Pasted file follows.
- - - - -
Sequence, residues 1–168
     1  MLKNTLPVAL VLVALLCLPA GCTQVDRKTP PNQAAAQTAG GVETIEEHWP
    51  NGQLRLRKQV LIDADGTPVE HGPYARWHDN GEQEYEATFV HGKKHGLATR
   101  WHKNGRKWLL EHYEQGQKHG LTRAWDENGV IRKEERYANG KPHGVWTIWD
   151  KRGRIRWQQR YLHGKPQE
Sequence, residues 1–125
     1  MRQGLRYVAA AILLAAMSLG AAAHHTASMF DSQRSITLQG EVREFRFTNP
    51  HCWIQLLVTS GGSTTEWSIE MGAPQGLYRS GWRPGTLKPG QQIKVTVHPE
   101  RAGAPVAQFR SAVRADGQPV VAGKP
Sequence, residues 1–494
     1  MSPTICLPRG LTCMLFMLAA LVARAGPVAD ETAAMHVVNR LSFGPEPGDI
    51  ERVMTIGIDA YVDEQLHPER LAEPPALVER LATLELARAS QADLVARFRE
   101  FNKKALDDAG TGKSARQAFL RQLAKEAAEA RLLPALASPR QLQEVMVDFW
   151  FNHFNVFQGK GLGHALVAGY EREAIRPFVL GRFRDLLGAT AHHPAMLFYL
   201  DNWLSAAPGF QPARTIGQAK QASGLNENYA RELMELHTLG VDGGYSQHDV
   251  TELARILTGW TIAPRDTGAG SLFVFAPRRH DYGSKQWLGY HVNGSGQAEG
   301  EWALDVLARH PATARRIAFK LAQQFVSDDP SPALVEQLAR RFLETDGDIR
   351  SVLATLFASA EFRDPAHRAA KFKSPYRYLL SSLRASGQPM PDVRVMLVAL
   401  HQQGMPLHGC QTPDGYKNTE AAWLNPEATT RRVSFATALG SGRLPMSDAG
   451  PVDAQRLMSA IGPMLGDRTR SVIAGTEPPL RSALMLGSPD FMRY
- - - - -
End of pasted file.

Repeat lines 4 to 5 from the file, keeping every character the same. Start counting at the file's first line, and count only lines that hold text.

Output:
   101  WHKNGRKWLL EHYEQGQKHG LTRAWDENGV IRKEERYANG KPHGVWTIWD
   151  KRGRIRWQQR YLHGKPQE